EL: Did you apply any structure to your movements through the city? How were you guided around?
NS: I never make any plans in the first attempts. Here I let myself be guided by the night and its power to sharpen our senses. In the middle of the (partial) darkness, silence and solitude, everything resonates in a stronger way; the unknown and the uncertain awake anxieties, fears…. but also cheerfulness and quietude. That frightening beauty that the Romantics called the feeling of the sublime: that is my compass. Unlike controlled causal processes, the creative process – life itself, following Beuys – is not foreseeable. There has to be space for the casualty and imagination, especially at that numinous time at night when forms are ever-changing and diluted. It is a search for metaphors rather than answers, as the only possible way to capture the transcendental which most of the time is blurred or only insinuated.
EL: With the idea of drifting, or the derivé, in mind, I wonder what degree of importance you place on the specifics of geography and location? (For example, the pub frontage and also the red postbox seen in one image are indicative of the country you are in – but the name of the particular establishment has been digitally removed.) What was the decision behind this relative anonymity?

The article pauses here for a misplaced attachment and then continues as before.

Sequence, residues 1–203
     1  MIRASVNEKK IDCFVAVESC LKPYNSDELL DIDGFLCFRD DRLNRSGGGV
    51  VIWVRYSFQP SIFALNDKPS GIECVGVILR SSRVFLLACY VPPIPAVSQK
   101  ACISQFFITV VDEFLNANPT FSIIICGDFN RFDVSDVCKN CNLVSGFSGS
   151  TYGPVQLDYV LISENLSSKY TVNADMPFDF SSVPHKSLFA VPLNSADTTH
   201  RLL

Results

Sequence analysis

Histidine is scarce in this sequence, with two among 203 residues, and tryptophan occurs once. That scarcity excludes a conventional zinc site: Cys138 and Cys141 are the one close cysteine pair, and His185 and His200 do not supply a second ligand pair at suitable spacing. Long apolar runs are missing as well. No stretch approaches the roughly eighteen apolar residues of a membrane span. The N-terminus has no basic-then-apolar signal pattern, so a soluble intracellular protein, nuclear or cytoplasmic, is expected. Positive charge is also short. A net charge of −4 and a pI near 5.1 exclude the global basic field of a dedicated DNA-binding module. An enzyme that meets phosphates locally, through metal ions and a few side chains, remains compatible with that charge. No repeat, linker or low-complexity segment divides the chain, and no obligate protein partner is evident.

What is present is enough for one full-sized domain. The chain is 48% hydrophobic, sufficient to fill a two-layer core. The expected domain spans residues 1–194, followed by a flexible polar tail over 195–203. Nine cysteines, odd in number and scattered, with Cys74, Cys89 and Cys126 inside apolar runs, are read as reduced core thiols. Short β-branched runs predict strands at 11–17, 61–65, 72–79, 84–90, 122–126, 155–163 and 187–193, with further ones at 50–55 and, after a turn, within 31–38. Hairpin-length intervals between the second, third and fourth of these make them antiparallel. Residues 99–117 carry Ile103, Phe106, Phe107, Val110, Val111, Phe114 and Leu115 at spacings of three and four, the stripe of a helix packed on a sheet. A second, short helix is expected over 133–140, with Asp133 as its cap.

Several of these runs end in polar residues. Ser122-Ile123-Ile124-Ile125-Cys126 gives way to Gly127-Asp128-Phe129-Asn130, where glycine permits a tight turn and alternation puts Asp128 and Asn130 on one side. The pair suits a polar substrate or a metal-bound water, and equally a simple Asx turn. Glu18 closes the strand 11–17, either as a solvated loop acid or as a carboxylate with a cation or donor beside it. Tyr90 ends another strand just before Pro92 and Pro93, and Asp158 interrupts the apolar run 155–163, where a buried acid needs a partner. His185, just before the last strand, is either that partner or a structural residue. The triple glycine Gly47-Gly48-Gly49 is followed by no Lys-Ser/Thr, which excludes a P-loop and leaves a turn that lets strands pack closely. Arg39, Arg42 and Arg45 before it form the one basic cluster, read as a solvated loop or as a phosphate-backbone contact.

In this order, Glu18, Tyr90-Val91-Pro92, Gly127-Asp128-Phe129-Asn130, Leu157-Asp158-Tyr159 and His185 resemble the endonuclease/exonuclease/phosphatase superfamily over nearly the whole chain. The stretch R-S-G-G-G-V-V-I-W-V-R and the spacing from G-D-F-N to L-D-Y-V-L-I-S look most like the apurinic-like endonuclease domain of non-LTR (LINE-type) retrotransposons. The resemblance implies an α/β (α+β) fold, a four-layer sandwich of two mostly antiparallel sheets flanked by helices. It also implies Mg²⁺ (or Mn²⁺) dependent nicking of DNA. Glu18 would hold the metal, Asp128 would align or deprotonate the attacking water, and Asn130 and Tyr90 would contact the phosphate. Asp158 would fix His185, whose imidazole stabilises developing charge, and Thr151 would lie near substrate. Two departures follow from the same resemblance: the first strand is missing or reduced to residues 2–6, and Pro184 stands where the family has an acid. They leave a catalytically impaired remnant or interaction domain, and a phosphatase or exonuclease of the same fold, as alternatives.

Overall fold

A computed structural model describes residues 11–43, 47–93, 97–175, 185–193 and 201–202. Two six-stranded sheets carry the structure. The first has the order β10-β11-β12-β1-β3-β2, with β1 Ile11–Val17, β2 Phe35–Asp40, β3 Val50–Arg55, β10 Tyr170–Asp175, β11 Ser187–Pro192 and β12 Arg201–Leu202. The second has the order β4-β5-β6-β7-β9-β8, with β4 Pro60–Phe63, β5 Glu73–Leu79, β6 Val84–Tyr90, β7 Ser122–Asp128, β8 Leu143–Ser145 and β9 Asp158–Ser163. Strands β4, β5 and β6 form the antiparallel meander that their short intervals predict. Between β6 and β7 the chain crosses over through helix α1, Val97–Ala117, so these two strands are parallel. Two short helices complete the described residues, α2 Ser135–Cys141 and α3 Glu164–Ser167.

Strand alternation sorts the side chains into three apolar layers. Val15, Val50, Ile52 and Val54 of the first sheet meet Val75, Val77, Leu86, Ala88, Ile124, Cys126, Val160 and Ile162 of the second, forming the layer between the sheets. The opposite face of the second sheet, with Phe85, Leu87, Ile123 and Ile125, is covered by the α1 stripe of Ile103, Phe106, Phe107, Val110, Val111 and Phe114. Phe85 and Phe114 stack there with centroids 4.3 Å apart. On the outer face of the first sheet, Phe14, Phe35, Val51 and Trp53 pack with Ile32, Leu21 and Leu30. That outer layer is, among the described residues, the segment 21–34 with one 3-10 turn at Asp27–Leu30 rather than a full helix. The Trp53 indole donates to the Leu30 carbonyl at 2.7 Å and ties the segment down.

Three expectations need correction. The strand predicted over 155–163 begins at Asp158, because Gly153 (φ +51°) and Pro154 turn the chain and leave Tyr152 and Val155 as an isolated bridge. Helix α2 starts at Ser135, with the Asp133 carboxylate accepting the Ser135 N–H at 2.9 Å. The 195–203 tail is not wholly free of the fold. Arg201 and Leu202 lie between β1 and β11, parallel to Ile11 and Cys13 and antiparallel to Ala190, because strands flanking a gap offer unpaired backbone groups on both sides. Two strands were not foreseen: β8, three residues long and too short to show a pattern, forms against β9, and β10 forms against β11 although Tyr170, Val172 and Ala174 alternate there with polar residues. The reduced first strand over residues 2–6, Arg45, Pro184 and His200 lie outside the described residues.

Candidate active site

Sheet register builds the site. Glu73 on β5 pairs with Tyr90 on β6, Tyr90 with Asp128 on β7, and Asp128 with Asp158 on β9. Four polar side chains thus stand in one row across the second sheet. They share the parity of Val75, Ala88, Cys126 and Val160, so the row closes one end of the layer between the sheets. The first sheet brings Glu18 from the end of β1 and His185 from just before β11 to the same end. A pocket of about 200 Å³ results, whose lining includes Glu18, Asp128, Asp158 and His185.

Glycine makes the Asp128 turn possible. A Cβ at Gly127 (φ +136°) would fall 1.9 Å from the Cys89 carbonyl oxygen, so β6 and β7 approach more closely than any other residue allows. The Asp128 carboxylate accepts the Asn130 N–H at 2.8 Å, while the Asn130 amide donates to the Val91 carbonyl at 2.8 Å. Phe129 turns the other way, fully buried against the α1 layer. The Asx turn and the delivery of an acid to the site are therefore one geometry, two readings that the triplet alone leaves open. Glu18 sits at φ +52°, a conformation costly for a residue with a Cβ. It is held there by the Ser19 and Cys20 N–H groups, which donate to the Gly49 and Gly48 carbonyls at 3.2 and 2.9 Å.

NS: The first cut I did among the pubs that left an impression on me, was to discard the too-bustling pubs and the over or under illuminated ones. After that, I digitally removed only the signs with the names of each pub, not looking for a denial of the place, but in an intention to extend the metaphor to any other pub. The postboxes, phone cabins, transit signage and slightly distinctive frontage of many pubs, despite speaking of a specific country (a detail that I like), are mostly generic urban furniture or archetypal typologies, so I didn’t consider them to interfere with the poetic play. The intent behind this selection process is to choose the best way to give the known the dignity of the unknown, as Novalis says, a higher meaning to the commonplace, to the ordinary a mysterious appearance.
EL: And how about choice of time, too? As you mention there is a sense of quietude, even melancholy, captured in these images of the Sunday evening in the hour before closing time – a feeling that may not have been evoked had you shot at a different time, on a different day of the week….
NS: Absolutely. Going back, London is a place endlessly photographed, full of images of its appearance, immersing myself in its night was the way for me to slow down the images, to make them point inwards again, where we never look in these times of insistent expellant images that have failed – or never wanted – to show us the elemental paradoxes of human condition. The quietude of Sunday midnights were a beginning for this elegy of the night, for those who are looking for themselves, who are in search of something they don’t know but that does not let them sleep, for those who don’t believe in mass revolutions but in small, silent conspiracies.